By Janessa Goldbeck
Several years ago, my mom received news that changed our lives forever — she was diagnosed with multiple sclerosis and early-onset Alzheimer’s disease. When her condition began to rapidly deteriorate, I requested a change in orders from the Marine Corps and returned home to San Diego to take care of her. At only 65, she made the decision to move into an assisted living facility. She will require long-term care for the rest of her life.
My mom is a retired public school teacher and we are fortunate that between her disability pension and our savings, we can afford her care. But many San Diegans do not have these options. Today, 42% of the San Diego senior population does not have enough income to meet basic needs, as measured by the California Elder Economic Security Standard Index, let alone the cost of long-term care. By 2050, more than 13 million Americans will be living with Alzheimer’s Disease, creating a crisis within a crisis.
A recently released report from the San Diego Seniors Community Foundation found that San Diego’s senior centers are understaffed, underfunded, and ill-equipped to meet the needs of the region’s growing senior population. Unfortunately, this is only the tip of the iceberg when it comes to San Diego’s looming senior crisis.
In the next ten years, one in four San Diegans will be seniors — more than 1.2 million people. Nationally, 20 percent of the U.S. population will be 65 or older by the year 2030. And more than half of all seniors — tens of millions of Americans — will require long-term care.
Long-term care refers to a range of health-related services that support individuals who have escalating needs, from assistance with bathing to medication management. Currently, the vast majority of long-term care is provided by family or friends who provide unpaid support. Other options for long-term care are residential care communities, nursing homes, and home health agencies. Most of these providers are for-profit institutions.
Today, the cost of long-term care in San Diego can range from $1,500 to more than $10,000 per month. Some adult day health centers are publicly funded, but they are often overcrowded and offer limited services. Medicare and private health insurance do not cover most of the costs of long-term care. To qualify for long-term care through Medi-Cal, an individual must meet poverty criteria, which requires seniors to spend down nearly all of their savings before receiving care.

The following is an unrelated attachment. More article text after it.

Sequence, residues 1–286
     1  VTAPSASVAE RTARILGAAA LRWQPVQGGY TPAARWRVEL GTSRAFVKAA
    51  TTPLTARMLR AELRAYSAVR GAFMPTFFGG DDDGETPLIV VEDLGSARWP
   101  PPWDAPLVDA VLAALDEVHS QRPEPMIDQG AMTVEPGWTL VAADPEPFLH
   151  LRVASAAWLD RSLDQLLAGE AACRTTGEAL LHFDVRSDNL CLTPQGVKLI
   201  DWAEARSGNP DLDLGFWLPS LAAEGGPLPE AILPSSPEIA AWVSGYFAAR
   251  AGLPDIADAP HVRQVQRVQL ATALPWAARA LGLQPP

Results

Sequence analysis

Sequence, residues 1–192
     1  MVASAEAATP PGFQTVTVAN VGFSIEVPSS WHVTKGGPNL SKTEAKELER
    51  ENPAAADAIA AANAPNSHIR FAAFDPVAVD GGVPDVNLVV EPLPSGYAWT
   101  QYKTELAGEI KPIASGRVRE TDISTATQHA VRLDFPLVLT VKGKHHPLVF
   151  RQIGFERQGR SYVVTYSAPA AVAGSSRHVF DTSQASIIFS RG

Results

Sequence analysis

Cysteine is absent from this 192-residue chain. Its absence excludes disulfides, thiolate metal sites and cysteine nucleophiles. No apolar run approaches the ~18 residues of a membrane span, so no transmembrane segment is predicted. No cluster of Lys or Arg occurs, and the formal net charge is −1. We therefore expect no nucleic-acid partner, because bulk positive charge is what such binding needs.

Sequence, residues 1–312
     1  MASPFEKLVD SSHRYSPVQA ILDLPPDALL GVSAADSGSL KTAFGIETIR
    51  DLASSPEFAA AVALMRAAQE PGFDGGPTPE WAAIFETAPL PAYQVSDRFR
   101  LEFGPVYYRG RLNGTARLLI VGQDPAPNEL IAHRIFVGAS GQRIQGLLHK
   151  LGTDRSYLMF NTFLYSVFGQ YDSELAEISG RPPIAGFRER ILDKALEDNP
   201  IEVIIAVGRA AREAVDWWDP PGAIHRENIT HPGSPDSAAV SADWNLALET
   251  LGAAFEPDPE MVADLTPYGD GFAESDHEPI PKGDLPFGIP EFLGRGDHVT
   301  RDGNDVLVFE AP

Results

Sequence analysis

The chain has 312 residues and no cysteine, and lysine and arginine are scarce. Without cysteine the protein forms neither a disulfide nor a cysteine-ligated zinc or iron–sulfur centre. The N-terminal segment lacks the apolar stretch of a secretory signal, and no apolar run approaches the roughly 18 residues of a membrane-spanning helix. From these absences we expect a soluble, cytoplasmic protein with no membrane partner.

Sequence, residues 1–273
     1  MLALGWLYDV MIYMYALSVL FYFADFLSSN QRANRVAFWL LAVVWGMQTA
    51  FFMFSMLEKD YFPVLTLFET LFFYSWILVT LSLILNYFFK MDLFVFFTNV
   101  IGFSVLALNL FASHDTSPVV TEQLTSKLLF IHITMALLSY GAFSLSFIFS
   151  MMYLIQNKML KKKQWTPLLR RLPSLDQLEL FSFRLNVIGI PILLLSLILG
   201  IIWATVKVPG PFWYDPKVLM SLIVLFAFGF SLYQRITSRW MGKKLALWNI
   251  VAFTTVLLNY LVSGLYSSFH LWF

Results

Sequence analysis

At a time when reforming our national health care system is top of mind, the impending crisis regarding the lack of affordable long-term care has not yet been made a priority. An urgent, nuanced conversation about how to provide quality long-term care for those who need it is well past due.
It’s time for Congress to step up and do something. We can start by expanding Medicare and Medicaid coverage to ensure that it includes long-term care. And while we must ensure that everyone has access to affordable health coverage, caring for our aging population should not just be a facet of the health care debate.
The local senior population stands to double in the next decade, and with rents on the rise and affordable housing in critically short supply, the number of unsheltered seniors is also expected to rise dramatically. This is unacceptable. Congress must make historic federal investments to increase the availability of affordable and supportive housing for seniors nationwide.
Congress should also provide tax breaks or vouchers to support families who choose to take care of their loved ones at home, providing a benefit to caregivers who today are mostly unpaid. An estimated 75 percent of unpaid caregivers in the United States are women, and more than a quarter of them are forced to reduce their work hours or give up their jobs entirely, impacting their current and future financial stability.
No American should have to worry about what will happen to them in old age or if they become seriously ill, or how they will afford long-term care for a loved one. It’s time for us to recognize and prioritize the impending long-term care crisis. Let’s have that conversation here in San Diego before it’s too late.
Janessa Goldbeck is a Democrat running for Congress in the 53rd District in central San Diego County. A native San Diegan, she is a small business owner and Marine Corps veteran. Holly Yang, MD, contributed to this op-ed and is a San Diego-based hospice and palliative medicine physician.
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